The Bethlehem Steel Corp., apparently aware of the advertising possibilities for the maiden voyage of STEWART J. CORT, recently made a well-publicized announcement of the trip for the benefit of fans and photographers. The ship was to leave Erie on April 24th so that she would pass both Detroit and Port Huron in daylight the next day. She was also scheduled to have daylight for the passage up the Soo Locks on April 26th. Unfortunately for those who had made plans to witness the trip of the giant, the voyage was postponed because of heavy ice in lower Lake Huron and the Soo area. Presumably the company did not want its new vessel to get herself all banged up in the ice on the maiden voyage when everyone would be looking at her.
A jurisdictional dispute amongst lake pilots has threatened to disrupt the early shipping season. American pilots have demanded to be paid for taking ships bound from Port Colborne uplake to American ports but the demands have been refused by the Canadian pilots who now have the right to take these ships wherever they may be bound in the lakes.
We had noted above the difficulties of the Escanaba Towing Co. We have now learned that one more problem has cropped up. The Great Lakes Towing Co. has placed a "Do Not Tow" order against Escanaba's barges in view of the company's tardiness in settling accounts. This would mean that Escanaba would have to use other than G-Tugs if extra tugs were needed at any port and it could cause a few nasty problems.
The veteran upper lake bulk carriers JOHN P. REISS and OTTO M. REISS are expected to arrive in Hamilton shortly, en route to their appointment with the scrappers. Kinsman Marine Transit Co., which purchased the ships from the American Steamship Co., has applied for permission from the U.S. Maritime Administration to sell the ships to United Steel. It appears that the bowthruster from JOHN P. REISS (she was one of the oldest lake ships ever to be fitted with one) will be placed in the OREFAX which is currently being converted at Whitby to a sludge barge for use in the St. Lawrence dredging project.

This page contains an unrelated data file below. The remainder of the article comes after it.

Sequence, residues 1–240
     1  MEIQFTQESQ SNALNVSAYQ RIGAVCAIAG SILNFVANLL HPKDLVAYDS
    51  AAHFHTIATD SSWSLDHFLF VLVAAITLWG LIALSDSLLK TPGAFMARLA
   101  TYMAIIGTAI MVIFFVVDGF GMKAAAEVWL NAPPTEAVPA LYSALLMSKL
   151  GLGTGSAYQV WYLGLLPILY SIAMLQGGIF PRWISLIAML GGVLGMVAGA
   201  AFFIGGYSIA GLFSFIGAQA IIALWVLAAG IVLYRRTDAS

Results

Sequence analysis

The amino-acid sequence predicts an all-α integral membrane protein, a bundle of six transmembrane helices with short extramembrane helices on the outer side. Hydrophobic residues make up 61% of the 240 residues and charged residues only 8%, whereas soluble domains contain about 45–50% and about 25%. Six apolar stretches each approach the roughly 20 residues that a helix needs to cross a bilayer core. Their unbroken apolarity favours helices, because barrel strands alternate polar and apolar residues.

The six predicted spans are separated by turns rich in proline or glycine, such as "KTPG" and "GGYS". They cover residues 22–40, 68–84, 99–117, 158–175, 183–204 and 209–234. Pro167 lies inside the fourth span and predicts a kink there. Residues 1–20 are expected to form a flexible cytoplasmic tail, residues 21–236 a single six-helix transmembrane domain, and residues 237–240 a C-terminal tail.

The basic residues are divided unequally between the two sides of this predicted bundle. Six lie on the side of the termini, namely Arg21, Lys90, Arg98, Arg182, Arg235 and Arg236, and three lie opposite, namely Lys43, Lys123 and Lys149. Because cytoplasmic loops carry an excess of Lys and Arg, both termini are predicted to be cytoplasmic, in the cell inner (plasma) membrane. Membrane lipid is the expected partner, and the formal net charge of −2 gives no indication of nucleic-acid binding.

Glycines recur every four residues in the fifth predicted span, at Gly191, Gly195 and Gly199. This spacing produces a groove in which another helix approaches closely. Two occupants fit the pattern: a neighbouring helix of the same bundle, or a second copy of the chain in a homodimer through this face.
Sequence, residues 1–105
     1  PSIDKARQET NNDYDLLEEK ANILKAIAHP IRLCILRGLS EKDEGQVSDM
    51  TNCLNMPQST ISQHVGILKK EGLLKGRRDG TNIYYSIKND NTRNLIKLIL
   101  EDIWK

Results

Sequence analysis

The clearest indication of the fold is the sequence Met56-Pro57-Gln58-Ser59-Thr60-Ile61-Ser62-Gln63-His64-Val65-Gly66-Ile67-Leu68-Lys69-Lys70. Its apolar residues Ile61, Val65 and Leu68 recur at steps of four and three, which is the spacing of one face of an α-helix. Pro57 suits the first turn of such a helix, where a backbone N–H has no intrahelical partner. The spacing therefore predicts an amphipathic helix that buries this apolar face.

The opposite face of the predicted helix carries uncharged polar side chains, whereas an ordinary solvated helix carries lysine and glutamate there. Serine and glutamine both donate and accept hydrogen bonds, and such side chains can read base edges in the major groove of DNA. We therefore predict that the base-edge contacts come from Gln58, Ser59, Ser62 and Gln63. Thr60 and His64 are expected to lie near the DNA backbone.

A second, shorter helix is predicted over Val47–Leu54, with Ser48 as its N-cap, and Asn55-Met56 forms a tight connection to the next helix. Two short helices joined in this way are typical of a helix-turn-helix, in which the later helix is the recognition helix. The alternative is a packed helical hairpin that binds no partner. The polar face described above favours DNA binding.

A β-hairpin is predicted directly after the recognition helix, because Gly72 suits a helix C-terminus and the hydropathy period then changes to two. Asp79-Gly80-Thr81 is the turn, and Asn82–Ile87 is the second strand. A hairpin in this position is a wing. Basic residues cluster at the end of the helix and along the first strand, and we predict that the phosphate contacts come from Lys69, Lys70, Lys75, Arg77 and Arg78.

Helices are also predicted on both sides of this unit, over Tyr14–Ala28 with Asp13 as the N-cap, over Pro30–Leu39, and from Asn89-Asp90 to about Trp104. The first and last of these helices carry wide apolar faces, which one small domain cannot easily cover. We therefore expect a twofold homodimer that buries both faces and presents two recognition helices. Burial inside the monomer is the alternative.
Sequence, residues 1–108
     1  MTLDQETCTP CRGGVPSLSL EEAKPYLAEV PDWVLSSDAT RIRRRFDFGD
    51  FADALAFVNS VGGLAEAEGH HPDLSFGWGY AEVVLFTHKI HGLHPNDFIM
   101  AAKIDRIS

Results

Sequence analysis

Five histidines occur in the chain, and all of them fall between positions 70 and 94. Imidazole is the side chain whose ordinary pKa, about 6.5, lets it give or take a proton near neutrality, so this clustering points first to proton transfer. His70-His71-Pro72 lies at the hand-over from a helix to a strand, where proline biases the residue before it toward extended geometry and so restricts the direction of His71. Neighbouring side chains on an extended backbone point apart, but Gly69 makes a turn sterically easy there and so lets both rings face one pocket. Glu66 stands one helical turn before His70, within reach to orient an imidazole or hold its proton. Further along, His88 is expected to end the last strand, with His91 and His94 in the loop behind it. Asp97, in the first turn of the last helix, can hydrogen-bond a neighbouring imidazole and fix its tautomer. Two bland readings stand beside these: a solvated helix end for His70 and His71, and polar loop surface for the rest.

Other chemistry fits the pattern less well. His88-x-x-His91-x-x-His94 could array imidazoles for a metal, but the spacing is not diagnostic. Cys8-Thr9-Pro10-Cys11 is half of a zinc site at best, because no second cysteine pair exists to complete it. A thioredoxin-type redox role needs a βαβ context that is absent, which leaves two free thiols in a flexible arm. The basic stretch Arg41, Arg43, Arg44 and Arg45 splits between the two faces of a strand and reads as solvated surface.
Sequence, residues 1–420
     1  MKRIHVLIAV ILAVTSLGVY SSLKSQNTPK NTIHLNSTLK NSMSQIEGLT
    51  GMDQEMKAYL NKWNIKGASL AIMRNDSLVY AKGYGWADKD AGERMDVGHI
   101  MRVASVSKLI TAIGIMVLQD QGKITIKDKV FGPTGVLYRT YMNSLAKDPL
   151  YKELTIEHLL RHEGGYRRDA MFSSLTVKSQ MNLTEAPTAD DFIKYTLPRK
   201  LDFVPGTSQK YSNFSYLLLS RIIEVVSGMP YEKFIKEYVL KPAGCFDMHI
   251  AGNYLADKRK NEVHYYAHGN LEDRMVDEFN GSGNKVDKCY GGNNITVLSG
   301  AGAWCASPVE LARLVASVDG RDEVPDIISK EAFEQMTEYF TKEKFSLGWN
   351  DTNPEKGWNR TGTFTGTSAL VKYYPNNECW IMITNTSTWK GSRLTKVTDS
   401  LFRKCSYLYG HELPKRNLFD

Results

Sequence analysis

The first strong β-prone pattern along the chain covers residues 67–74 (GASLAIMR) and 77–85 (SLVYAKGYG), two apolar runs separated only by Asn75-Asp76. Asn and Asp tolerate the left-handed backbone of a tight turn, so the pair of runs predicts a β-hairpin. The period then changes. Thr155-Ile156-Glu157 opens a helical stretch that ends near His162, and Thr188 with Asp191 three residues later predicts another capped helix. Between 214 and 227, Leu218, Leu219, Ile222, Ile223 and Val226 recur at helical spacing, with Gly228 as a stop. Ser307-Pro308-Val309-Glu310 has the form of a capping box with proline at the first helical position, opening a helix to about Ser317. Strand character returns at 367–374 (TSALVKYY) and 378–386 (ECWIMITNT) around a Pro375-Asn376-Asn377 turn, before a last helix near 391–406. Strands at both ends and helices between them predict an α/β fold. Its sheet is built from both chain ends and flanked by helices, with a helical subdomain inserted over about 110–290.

The first grounding of the season occurred on April 19 when the French salty VILLE DE MEXICO, upbound for Cleveland, grounded in the Massena area. Damage appeared minimal and the channel was not blocked.
WHEAT KING, undergoing repairs at Port Weller after a fire in her after end during the winter months, headed out into Lake Ontario for her trials on October 21st. Unfortunately, she suffered a major engine breakdown and her troubles compounded by a steering gear failure, so she had to be brought back in to the shipyard for additional work. The vessel was disabled on the lake for a number of hours.
There has been no further word on the possible purchase of the salt water vessel GOSFORTH by the Quebec & Ontario Transportation Co. Ltd., but it has come to light that the ship was chartered by the firm last winter for the newsprint trade between Baie Comeau, Quebec, and New York City,
Reproduced for the Web with the permission of the Toronto Marine Historical Society.